The $100 Diet: Healthy Grocery List For Amazing Results!

Lose fat, gain muscle, and get your diet in line - all for just a c-note a week. Hit your goals AND your budget! Break a sweat, don't break the bank.

Rent. Car payments. Car insurance. Credit cards and cable television. Living expenses add up, and by the end of the week, there's not much left to cover the one thing humans need the most: food.

Question is, how do you afford to eat a high volume of meals without sacrificing the crucial nutritional principles that support all the training you do?

For most guys, tight budgets make shopping at popular organic food stores impossible, but eating fast food will sap your energy and make you fat. No matter your budget or how many time constraints you're living under, highly processed foods will never produce the results you want.

Get ready, then, to eat better than you ever have, even if you're on the strictest budget. Welcome to the $100 Diet.

Macros On A Micro Paycheck

To categorize and classify foods, it's important to know which macronutrients - proteins, fats, or carbs - are in what foods. Once you're clear on that, you can build a strategy for shopping and daily meal selection.

Proteins

With the $100 Diet, you'll be spending most of your grocery money on meat. The most cost-effective protein sources for our purposes are chicken, eggs, and beef. Add fish to your shopping list as your budget allows.

Whey protein is another great way to get high-quality, antioxidant-rich protein into your body quickly. It's not budgeted into our $100 Diet, but it's a good idea to use it whenever you can.

Fats

There are four types of dietary fats: trans fats, which are found in processed desserts; saturated fats from animal-based foods; monounsaturated fats found in cooking oils; and polyunsaturated fats, which must be supplemented into the $100 Diet because the body can't produce them itself.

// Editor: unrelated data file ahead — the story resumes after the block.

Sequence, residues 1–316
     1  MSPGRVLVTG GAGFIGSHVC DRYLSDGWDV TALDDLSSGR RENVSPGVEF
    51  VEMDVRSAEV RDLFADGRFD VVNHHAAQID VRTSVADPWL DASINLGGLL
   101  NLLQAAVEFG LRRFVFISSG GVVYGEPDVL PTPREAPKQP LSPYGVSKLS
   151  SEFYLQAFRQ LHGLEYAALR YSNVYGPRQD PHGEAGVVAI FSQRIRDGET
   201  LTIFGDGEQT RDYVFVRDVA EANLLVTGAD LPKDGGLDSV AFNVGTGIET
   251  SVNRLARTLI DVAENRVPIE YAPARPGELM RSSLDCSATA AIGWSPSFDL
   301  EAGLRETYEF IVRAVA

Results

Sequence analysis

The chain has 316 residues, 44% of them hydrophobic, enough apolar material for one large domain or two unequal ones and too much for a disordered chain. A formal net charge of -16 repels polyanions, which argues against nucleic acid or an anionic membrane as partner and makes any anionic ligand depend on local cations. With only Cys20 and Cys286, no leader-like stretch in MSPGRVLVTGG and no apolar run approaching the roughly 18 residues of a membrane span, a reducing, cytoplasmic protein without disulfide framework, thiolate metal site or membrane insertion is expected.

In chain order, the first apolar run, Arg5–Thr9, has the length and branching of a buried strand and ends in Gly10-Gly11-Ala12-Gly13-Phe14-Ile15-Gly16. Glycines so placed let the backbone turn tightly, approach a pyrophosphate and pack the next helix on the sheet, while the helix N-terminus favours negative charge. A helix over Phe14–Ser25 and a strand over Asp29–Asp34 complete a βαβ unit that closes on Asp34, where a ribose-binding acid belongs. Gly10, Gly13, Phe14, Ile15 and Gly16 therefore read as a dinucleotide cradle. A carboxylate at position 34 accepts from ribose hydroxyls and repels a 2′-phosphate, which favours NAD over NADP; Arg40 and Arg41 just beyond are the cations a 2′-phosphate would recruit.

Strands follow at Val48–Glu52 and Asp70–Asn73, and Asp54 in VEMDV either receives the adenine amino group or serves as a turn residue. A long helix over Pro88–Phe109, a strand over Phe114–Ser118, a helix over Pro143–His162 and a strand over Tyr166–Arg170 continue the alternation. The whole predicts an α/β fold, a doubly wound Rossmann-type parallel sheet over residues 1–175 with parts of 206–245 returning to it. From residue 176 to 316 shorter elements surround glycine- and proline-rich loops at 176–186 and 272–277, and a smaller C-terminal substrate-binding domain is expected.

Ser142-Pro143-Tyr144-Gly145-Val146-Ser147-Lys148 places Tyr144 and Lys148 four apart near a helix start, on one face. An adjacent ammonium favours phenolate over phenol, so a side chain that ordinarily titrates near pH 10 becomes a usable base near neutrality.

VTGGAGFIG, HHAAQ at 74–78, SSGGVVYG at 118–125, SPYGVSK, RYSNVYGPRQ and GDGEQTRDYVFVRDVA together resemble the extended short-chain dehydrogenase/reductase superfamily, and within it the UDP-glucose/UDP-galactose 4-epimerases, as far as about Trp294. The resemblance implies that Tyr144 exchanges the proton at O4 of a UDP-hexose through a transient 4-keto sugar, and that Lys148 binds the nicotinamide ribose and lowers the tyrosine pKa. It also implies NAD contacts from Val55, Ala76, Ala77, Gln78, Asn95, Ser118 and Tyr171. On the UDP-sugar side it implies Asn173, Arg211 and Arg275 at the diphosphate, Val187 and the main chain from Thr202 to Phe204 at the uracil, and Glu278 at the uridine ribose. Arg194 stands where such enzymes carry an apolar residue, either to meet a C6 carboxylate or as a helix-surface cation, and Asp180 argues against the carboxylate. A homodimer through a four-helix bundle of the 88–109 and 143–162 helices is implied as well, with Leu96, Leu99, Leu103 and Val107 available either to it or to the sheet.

Carbs

When your training regimen demands energy for intense, long-duration exercise, eating carbs is vital. Your carb sources for the $100 Diet will be sweet potatoes, bananas, raw oats, black beans, and fruit.

Greens And Vegetables

These high-fiber foods suppress hunger and stabilize your blood sugar, and they're a vital source of micronutrients.

Because these foods are easy to digest, increasing the amounts you eat will allow you to avoid the "food comas" caused by carb-based diets.

How To Budget, How To Shop

First off, you'll need to find time to cook - and by cooking, we're talking about bulk - food prep on Sunday night. Cook all your meats and slice enough vegetables for three days, to ensure quick prep times for your daily meals.

The list we're providing here will trace a path around the perimeter of your grocery store, getting you in and out in 20 minutes or less and avoiding the middle aisles - which will drain both your checkbook and your health.

Timing It Right

The real artistry of any diet plan involves understanding your body's hormonal situation, then aligning it with proper food choices.